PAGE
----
Amisha Paswan, an otherwise quiet and shy girl, is pretty articulate when she spells out her career plans. “I want to become a doctor and cure poor people,” she says in fluent English. Amisha loves to read fairy tales but her own life is the tale of a girl trying to succeed despite the many disadvantages that comes with being born into extreme poverty.
As we speak to her on a hot afternoon at a government school in Gurgaon, the 10-year-old’s biggest worry is getting back home soon so that she could cook lunch for her two younger siblings. “My mother has been in the hospital for the past three days, so I have to ensure that they eat on time,” says Amisha, whose father works as a driver.
Recently, Amisha’s life took a happy turn. She achieved a distinction that many privileged children and adults aspire for — an IQ score of above 145 in Mensa India’s standardised intelligence test. For the uninitiated, Mensa is the world’s oldest, largest and the most prestigious high IQ society with members in over 100 countries. It has about 1,450 members across India and over 200 members in Delhi.
In the past couple of months, Mensa India, Delhi, administered its internationally recognized IQ test to over 4,000 underprivileged children in Delhi and NCR as part of a unique project aimed at identifying and mentoring poor children with high IQ. Of the 102 extremely bright children it selected, over a dozen, including Amisha, achieved an IQ score of 145-plus, which puts her in the genius category.
The others achieved IQ scores of 130-145, which puts them in the category of ‘very gifted’ children. The average score in Mensa India’s IQ test is between 85 and 115. Interestingly, all of these children are sons and daughters of labourers, rickshaw pullers, security guards, street vendors, etc.
Kishore Asthana, president, Mensa India, estimates that there are about six million poor gifted children in India. “Their genius is likely to remain unrecognised and underutilised in the normal course. This will be a major waste of the nation’s intellectual resources,” says Asthana.
“We have assigned a mentor to all the gifted children we have identified. We will conduct an aptitude test in Class X to determine their strengths and weakness and the kind of vocations they are likely to excel in and do all we can to help them realise their dreams,” said Asthana.
While many of these children, now called Mensa scholars, stand first or second in their class, not all are top performers at school. The IQ test, Asthana says, measures the potential of the child, what he or she can become, rather than their present academic performance or their general knowledge.
“Being intelligent and being clever or worldly-wise are two different things. A middle-class child may be quicker in using an elevator in a mall than an underprivileged child. It does not mean that he or she is more intelligent. It is just a question of opportunity and exposure. In our test, the children have to score independently of their environment and upbringing,” says Asthana.
A lot of these children, Asthana says, are not aware that they have extremely high IQ and may not perform very well in academics because of their family circumstances. “Nobody ever told them that they are very intelligent. We intend to keep telling such children that they possess a unique gift that can help overcome the many disadvantages they are born with,” says Asthana.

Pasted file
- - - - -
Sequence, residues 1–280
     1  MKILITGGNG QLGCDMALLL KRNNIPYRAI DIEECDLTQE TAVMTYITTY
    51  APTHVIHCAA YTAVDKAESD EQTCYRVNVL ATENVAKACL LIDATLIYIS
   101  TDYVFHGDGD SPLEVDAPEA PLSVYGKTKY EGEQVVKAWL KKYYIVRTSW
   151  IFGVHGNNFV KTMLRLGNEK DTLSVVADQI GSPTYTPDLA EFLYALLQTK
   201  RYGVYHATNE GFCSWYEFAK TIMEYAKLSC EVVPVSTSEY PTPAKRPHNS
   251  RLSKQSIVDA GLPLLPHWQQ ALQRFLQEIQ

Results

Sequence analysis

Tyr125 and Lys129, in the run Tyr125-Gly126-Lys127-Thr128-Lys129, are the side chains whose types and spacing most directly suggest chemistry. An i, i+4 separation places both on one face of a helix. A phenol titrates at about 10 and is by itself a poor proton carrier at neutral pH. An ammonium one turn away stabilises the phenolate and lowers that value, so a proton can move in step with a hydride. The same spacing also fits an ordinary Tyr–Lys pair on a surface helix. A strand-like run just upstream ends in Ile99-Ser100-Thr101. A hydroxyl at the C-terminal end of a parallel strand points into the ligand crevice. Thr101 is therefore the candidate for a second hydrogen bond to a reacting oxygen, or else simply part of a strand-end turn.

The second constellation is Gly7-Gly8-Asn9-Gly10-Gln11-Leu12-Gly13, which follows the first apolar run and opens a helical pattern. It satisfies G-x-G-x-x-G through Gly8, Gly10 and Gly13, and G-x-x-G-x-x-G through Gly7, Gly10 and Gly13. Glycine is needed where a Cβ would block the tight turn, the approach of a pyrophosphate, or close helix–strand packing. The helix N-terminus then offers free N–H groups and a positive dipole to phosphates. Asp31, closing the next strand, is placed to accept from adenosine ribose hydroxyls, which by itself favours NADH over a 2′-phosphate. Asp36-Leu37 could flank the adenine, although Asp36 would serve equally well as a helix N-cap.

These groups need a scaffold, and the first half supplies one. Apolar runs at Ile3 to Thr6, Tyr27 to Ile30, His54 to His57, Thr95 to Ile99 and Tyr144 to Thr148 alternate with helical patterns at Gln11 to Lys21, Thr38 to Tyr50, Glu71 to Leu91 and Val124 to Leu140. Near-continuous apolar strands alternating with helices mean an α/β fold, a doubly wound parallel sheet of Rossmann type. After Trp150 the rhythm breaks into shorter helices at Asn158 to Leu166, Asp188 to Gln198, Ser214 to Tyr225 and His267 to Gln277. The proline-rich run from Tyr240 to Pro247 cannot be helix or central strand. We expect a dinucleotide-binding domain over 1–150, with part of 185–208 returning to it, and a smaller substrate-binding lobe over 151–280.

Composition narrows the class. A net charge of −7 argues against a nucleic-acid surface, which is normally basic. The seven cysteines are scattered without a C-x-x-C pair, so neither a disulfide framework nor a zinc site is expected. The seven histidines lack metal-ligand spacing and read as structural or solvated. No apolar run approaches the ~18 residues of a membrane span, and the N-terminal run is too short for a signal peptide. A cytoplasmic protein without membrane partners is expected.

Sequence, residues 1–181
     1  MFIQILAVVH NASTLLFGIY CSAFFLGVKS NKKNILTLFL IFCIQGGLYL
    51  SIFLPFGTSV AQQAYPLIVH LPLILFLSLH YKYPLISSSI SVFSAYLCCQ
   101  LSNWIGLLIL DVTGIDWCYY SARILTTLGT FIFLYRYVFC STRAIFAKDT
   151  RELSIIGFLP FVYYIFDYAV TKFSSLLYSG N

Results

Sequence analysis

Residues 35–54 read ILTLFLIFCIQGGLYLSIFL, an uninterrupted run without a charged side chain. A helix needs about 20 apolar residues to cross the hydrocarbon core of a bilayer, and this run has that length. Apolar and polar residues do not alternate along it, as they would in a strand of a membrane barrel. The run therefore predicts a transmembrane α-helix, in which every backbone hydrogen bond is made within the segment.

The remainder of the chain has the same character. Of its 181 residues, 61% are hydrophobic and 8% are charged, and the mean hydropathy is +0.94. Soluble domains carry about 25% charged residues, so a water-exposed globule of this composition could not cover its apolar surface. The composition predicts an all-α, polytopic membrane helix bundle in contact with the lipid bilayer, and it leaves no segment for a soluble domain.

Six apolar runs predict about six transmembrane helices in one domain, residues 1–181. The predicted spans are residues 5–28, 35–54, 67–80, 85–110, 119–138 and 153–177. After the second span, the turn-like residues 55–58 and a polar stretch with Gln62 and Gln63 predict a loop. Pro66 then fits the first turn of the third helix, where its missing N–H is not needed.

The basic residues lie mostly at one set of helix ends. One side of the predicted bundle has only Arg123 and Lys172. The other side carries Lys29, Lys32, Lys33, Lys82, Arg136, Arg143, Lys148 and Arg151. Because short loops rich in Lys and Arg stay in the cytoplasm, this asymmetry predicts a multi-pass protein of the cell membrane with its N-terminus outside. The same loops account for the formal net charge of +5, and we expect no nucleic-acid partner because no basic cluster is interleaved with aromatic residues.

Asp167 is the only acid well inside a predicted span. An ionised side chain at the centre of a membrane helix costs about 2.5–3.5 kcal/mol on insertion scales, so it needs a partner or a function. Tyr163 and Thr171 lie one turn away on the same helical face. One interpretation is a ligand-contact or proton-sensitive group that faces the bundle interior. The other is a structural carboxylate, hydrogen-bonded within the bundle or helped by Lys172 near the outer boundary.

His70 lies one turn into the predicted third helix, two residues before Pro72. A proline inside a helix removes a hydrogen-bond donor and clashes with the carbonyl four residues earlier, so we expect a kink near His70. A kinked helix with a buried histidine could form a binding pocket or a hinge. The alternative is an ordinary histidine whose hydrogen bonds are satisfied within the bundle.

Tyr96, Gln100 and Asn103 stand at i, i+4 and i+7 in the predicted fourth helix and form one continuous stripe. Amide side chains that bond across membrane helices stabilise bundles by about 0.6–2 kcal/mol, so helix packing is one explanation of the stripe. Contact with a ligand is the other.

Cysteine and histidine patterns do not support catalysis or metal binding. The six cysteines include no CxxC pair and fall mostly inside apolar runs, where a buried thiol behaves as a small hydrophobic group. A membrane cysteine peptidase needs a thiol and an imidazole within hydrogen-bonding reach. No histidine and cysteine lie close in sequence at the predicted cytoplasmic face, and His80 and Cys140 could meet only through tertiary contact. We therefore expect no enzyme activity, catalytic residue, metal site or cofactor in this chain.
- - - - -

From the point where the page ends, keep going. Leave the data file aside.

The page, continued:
But the difficulties these children face are daunting. Take for example Varsha Kumari, 13, whose IQ score is above 145, which like Amisha, puts her in the category of a genius. Varsha, who like most of these children goes to a government school, often stands first in her class and wants to become a scientist.
Recently, her dream was almost shattered. She decided to give up her studies after her mother, a daily labourer, sustained injuries at a construction site. Her father had quit his job. So out of sheer desperation, the 13-year-old decided to work as a baby sitter. “We were going hungry, there was no money to ensure two meals a day. I thought I should work and help my family,” says Varsha, her eyes welling up.
Thankfully, the mentor assigned to her as part of Mensa’s Dhruva programme informed Mensa India Delhi. “We helped her mother find a job and she changed her mind,” says Asthana, who maintains a comprehensive file on every selected child. “We gave her an ex-gratia payment so that she could help her family tide over the hard times and counselled her father to rejoin work.”
During the Mensa tests, Asthana encountered some touching moments. “One child, while filling his form, asked, ‘what address should I write, sir. I live on the street’. “We had to often ask some children to move to the front as their eyesight was too weak to see the board from the back and no one had tested them for glasses,” says Asthana. “We will arrange eye test for all children now. We are arranging group health insurance for these scholars who are eligible to join Mensa as members.”
While these selected children come from various caste and communities, poverty is their common identity. What they also share is their determination to change the course of their destiny. “I want to become a scientist,” says a shy Divakar Shukla, who always tops the class in mathematics and loves reading what he calls ‘scary stories’.
“But I am not scared of disadvantages I am facing, I shall invent a solution for them,” say Shukla, his eyes brimming with confidence.